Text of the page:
Summary: Preaching through the Psalms

Psalm 4

I. Background:

1)Ps. 4 may have been written soon after Ps. 3 during the same period of time when David had fled from his son Absalom.

·We do not know this for sure though. (The title of Psalm 3 tells us when it was written Ps. 4 does not.) We will take the stance that Ps. 4 was written near the same time of Ps. 3 due to the indications we will discuss throughout the message.

a. Some things that may lead us to make this

connection are:

·David’s distress seems consistent with his distress in Ps. 3

·Many as they read psalm 4 see in it tones that would be present in the voice of a father who is disciplining his rebellious son and his friends.

·David’s honor is being assailed as it was in Ps. 3 although the physical danger and personal doubts no longer seem as present.

(In Ps. 3 David is in shock due to an unexpected revolt – led by his son. He is in physical danger. Emotional confusion. He also must do self-searching to see if this was a justified revolt – as he has been accused of being out of God’s will)

We cannot be 100 % sure that it was written at this time but there are definitely similar emotions present.

2)Style of Psalm 4:

It is a combination of styles.

It is on the one hand a Psalm of personal lament (mourning) and on the other hand also a psalm of confidence.

This is important to remember as we read Ps. 4 so that it is not thought to be a Psalm of repentance.


“It is not a Psalm of penitence, arising out of the recognition of sins committed; there are other psalms for that purpose rather a psalm which reflects the anguish of the innocent and oppressed, or of the righteous sufferer. And this it is a particularly important kind of psalm, for it addresses a fundamental human experience, the experience of injustice, suffering and oppression” P.C. Craigie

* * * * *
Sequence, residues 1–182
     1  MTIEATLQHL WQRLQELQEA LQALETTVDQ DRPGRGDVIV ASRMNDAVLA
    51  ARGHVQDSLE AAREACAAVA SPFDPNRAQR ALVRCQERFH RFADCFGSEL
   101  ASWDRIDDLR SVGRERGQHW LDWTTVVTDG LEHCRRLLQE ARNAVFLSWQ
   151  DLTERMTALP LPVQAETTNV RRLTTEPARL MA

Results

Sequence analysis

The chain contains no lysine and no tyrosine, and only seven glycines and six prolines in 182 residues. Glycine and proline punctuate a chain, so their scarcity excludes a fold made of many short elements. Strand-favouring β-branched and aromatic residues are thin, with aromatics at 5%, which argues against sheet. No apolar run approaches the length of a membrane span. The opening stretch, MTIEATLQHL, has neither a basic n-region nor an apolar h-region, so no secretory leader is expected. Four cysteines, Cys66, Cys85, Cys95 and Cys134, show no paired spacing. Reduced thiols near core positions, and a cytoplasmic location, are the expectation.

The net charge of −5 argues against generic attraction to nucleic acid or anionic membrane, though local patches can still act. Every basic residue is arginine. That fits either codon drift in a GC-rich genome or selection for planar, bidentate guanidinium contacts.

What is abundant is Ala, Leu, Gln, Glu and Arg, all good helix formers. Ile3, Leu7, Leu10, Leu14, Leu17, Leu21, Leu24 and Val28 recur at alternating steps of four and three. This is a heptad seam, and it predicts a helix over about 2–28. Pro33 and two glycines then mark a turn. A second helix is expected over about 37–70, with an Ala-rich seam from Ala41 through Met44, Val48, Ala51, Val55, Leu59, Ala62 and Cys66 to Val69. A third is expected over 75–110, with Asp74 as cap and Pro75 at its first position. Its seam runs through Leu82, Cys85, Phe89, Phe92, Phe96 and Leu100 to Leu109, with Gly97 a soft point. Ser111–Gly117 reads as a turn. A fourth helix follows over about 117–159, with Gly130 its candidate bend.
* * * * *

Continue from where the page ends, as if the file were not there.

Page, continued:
With the background in place lets read psalm 4


Psalm 4 For the director of music. With stringed instruments. A psalm of David.

1 Answer me when I call to you, O my righteous God. Give me relief from my distress; be merciful to me and hear my prayer. 2 How long, O men, will you turn my glory into shame? How long will you love delusions and seek false gods? Selah 3 Know that the LORD has set apart the godly for himself; the LORD will hear when I call to him. 4 In your anger do not sin; when you are on your beds, search your hearts and be silent. Selah 5 Offer right sacrifices and trust in the LORD. 6 Many are asking, "Who can show us any good?" Let the light of your face shine upon us, O LORD. 7 You have filled my heart with greater joy than when their grain and new wine abound. 8 I will lie down and sleep in peace, for you alone, O LORD, make me dwell in safety.

III. Looking at the verses.

1)David appeals to God for help. (V.s. 1)

“1 Answer me when I call to you, O my righteous God. Give me relief from my distress; be merciful to me and hear my prayer.”

David’s godliness is seen lived out and we see once again how he won the title “a man after God’s own heart.”

Most of us when falsely accused and our reputation is assaulted are quick to snap back at our accuser or we may spread a worse lie about someone else to take the attention off of ourselves.

David does neither – He turns to God.

This is a pattern in David’s life that made him great. When His life was threatened he turned to God. When he sinned he turned to God. When He failed he turned to God. When He was confused he turned to God. Here David is falsely accused and his reputation is in jeopardy – he turns to God!


“God of my righteousness (V.s.1), deserves notice, since it is not used in any other part of Scripture. It means, Thou art the author, the witness, the maintainer, the judge, and the rewarder of my righteousness; to thee I appeal from the calumnies and harsh judgments of men. Herein is wisdom, let us imitate it and always take our suit, not to the petty courts of human opinion, but into the superior court, the King’s Bench of heaven” - Spurgeon

In the NT the Apostle Paul knew about great sufferings even as David did before him.

2 Cor 4:8-9 We are hard pressed on every side, but not crushed; perplexed, but not in despair; persecuted, but not abandoned; struck down, but not destroyed.

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